Mr Starmer, who has accused the government of failing to resolve the rail dispute, ordered his lawmakers not to join the protests with striking workers, but was embarrassed when some ignored his instructions.
But the strike also caused trouble for Mr Johnson.Last year, he pledged to build a “High wages, high skills“ The economy, a promise that has evaporated, can only be replaced by demands to limit wages.
He also faces charges of double standards as he plans to protect retirees from inflation by increasing state pensions accordingly. Critics see the move as an effort to support a group of voters important to Mr Johnson’s Conservative Party.
Many different groups, including middle-class professionals, demand higher pay, complicating Mr Johnson’s political narrative.
The striking lawyers rely on government funds to cover their costs, acting for clients who don’t have the money to fund their own legal defenses. They’ve been on strike to demand these payments be increased, but it’s hard to describe any lawyer as a left-wing agitator.
In Scotland, even the police have been embroiled in a pay dispute, and while not threatening to strike, they said they would “withdraw goodwill”, which included meeting their duties strictly to the times marked on their calendars.
Mr Johnson’s critics argue that inflation is caused by external factors such as soaring energy costs and the war in Ukraine, rather than generally below-inflation pay rises.corporate profit is A bigger driver of inflation than wagesthey said.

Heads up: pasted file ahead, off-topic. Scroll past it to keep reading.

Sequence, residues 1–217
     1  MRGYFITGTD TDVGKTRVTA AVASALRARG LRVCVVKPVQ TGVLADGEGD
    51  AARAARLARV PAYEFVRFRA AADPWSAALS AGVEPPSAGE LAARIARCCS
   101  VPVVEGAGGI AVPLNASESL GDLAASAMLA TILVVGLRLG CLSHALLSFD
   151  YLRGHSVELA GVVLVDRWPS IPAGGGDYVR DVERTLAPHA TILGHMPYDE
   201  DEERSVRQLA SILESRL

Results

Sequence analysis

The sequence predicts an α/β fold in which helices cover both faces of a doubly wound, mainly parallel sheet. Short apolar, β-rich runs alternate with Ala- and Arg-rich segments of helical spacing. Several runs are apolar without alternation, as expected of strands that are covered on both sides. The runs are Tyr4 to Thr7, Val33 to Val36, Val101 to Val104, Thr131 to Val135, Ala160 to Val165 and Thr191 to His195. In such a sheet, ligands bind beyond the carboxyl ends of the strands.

They also accused the government of suppressing wages for public sector employees for years, pushing workers to financial limits, and now demanding even more.
“Today’s inflation is not driven by nurses and paramedics wanting enough wages to keep food on the table,” said Francis O’Grady, secretary general of the Confederation of Labour’s Congress of Trade Unions. “The main drivers are global energy prices and supply chain disruptions due to the pandemic.”
She added that refusing to increase wages now could lead to lower spending and tip the UK into recession.
“The cost of living crisis has hit the UK particularly hard, as it follows a decade-long wage suppression,” she said. She added that in most major economies, “wages have risen over the past decade, but UK does not have”
Professor Fielding said the memory of the 1970s lingered in British politics, but he pointed to a big difference between then and now. About 23 percent of workers are now unionized, he said, up from about half 50 years ago, and he said concerns about union belligerence have receded.
Polls tend to show the public divided on striking rail workers, and Mr Johnson’s attempts to blame Labour and unions for the disruption appear to have failed so far.
But Professor Fielding said the opposition had failed to capitalise on Mr Johnson’s moment of weakness, adding that “without the contrary, the danger for the opposition is that the public may start to lean towards the government’s interpretation.”
For months, as the country grapples with disputes that could inconvenience the lives of millions, it may not be clear who Britons ultimately blame for the labor unrest.
As the turbulent season unfolds, Britons may have to look for small solace wherever they can.
One place – at least for drivers – could be Wiltshire in the west of England, where traffic wardens who have issued tickets for parking violations have also threatened to strike.